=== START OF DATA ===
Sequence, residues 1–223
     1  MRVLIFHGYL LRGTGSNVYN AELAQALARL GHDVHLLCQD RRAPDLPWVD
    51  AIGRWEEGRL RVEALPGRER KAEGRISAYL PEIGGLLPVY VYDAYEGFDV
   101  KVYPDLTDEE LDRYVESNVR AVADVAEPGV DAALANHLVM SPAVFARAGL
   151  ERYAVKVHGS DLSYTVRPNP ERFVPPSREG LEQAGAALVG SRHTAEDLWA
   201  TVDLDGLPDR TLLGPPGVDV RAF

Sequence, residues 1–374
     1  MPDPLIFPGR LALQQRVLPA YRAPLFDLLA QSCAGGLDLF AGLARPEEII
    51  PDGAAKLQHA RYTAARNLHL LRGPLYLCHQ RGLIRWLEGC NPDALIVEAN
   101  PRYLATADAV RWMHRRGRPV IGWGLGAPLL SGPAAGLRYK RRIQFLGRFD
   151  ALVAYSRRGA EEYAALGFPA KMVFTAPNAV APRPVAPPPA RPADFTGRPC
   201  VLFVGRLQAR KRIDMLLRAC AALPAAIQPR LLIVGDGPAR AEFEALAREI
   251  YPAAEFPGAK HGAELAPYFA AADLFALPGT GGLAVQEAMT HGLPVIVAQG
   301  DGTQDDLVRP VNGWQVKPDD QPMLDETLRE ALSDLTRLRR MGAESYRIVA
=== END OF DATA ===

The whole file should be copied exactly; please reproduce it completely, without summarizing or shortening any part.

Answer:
Sequence, residues 1–223
     1  MRVLIFHGYL LRGTGSNVYN AELAQALARL GHDVHLLCQD RRAPDLPWVD
    51  AIGRWEEGRL RVEALPGRER KAEGRISAYL PEIGGLLPVY VYDAYEGFDV
   101  KVYPDLTDEE LDRYVESNVR AVADVAEPGV DAALANHLVM SPAVFARAGL
   151  ERYAVKVHGS DLSYTVRPNP ERFVPPSREG LEQAGAALVG SRHTAEDLWA
   201  TVDLDGLPDR TLLGPPGVDV RAF

Sequence, residues 1–374
     1  MPDPLIFPGR LALQQRVLPA YRAPLFDLLA QSCAGGLDLF AGLARPEEII
    51  PDGAAKLQHA RYTAARNLHL LRGPLYLCHQ RGLIRWLEGC NPDALIVEAN
   101  PRYLATADAV RWMHRRGRPV IGWGLGAPLL SGPAAGLRYK RRIQFLGRFD
   151  ALVAYSRRGA EEYAALGFPA KMVFTAPNAV APRPVAPPPA RPADFTGRPC
   201  VLFVGRLQAR KRIDMLLRAC AALPAAIQPR LLIVGDGPAR AEFEALAREI
   251  YPAAEFPGAK HGAELAPYFA AADLFALPGT GGLAVQEAMT HGLPVIVAQG
   301  DGTQDDLVRP VNGWQVKPDD QPMLDETLRE ALSDLTRLRR MGAESYRIVA